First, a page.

SpaceX has filed documents with the International Telecommunication Union, which governs international use of global bandwidth, to launch up to 30,000 more satellites for its Starlink global broadband constellation, SpaceNews reports. That’s on top of the 12,000 it already has permission to launch. Why so many? SpaceX says that it’s about ensuring its network can meet anticipated demand “responsibly.”
“As demand escalates for fast, reliable internet around the world, especially for those where connectivity is non-existent, too expensive or unreliable, SpaceX is taking steps to responsibly scale Starlink’s total network capacity and data density to meet the growth in users’ anticipated needs,” wrote a SpaceX spokesperson in an emailed statement to TechCrunch.
The ITU filing doesn’t mean SpaceX is launching 30,000 satellites tomorrow: In fact, the company is looking to launch likely only a few hundred in the coming year. But SpaceX is anticipating big increases in the demand for low-latency and high-capacity broadband globally, and its initial deployment plans only cover a fraction of that demand. Plus, given the increased interest in providing communications from orbit, there’s bound to be a growing rush on spectrum over the next few years.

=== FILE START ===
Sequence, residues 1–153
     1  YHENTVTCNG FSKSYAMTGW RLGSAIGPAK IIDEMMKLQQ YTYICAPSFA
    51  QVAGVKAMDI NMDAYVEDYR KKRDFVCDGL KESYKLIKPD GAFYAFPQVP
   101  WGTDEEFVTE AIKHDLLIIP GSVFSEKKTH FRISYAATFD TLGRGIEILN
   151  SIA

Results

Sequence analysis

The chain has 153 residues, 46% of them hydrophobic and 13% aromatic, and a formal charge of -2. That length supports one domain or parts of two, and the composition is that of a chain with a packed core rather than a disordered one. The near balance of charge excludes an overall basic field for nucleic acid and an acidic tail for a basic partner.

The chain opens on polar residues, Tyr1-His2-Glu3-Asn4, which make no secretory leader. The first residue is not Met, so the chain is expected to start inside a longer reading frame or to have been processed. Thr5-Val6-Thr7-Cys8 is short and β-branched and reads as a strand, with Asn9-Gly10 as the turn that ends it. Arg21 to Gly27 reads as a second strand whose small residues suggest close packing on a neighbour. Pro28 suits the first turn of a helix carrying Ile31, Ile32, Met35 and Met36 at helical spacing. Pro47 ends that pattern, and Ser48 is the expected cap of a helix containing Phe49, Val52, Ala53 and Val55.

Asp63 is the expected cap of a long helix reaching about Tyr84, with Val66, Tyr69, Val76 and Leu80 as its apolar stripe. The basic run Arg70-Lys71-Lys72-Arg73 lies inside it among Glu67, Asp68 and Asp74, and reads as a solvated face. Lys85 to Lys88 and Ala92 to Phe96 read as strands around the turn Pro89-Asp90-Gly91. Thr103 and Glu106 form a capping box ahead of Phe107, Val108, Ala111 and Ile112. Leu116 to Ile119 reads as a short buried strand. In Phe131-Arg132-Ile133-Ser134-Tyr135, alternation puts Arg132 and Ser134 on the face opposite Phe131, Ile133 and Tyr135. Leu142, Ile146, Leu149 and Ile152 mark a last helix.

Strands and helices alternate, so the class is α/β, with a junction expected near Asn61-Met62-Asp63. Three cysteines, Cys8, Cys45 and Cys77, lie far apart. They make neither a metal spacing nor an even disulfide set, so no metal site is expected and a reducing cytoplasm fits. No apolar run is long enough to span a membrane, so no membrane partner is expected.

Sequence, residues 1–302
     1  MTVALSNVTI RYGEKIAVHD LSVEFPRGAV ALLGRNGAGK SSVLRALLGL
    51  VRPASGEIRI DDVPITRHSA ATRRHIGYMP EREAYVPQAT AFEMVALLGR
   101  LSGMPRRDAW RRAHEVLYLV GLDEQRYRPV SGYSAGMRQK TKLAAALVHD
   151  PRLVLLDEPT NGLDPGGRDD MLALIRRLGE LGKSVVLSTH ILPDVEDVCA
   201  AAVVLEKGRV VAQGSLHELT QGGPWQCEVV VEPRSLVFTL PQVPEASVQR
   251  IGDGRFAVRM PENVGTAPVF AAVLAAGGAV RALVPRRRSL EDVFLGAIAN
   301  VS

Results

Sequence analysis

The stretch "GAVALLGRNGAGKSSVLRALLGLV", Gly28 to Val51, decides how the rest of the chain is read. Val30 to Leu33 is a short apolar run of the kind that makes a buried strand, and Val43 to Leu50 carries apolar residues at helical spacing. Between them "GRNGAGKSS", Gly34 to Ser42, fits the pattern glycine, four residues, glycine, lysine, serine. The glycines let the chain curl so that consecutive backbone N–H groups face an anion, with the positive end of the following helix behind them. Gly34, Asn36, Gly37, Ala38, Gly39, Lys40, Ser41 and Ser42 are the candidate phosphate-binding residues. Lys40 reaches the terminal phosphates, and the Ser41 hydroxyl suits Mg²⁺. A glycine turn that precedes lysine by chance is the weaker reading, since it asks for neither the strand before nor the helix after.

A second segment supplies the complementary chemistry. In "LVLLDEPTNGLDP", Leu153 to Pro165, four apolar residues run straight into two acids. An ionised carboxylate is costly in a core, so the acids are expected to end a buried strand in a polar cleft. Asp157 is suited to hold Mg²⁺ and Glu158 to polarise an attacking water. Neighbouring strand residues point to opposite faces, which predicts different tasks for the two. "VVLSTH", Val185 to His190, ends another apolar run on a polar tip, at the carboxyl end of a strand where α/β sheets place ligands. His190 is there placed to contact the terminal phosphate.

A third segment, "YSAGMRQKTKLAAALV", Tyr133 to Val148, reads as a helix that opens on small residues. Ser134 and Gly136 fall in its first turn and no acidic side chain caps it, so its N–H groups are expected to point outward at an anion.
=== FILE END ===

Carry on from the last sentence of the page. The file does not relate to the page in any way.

Starlink will originally set out to provide service in the northern U.S., as well as parts of Canada, beginning as early as next year when the network goes live. The plan is to then scale the network to global coverage over the course of around 24 launches of Starlink satellites. It’s betting that it’ll need to scale by adding on nodes opportunistically to address demand, especially because most current coverage demand models don’t take into account regions that are getting broadband access for the first time.
SpaceX is also priming Starlink for high-traffic operation (though the total constellation won’t all be operating in the same orbital region, it’ll still be a considerable addition to the orbital population relative to the roughly 8,000 objects that have been launched to space to date — in total). The measures SpaceX is taking to deal with traffic include building in automated collision avoidance systems, structure de-orbiting plans, information sharing about orbital routes for their satellites and more, and the company says it’s meeting or exceeding the industry standards that have been established thus far around this.
To address the concerns of astronomers, SpaceX is also turning the base or Earth-facing portion of all future Starlink satellites back, which should help address concerns of space watchers who are concerned about the impact that large constellations will have on stellar observation and research. The company will also take steps to adjust satellite orbits where it’s shown that its constellation is impeding serious scientific pursuit.
Starlink launched its first 60 satellites back in May, and the plan is that each roughly 500-lb satellite will work in tandem with the others to communicate with ground stations that end users will then be able to connect to in order to get a broadband network signal.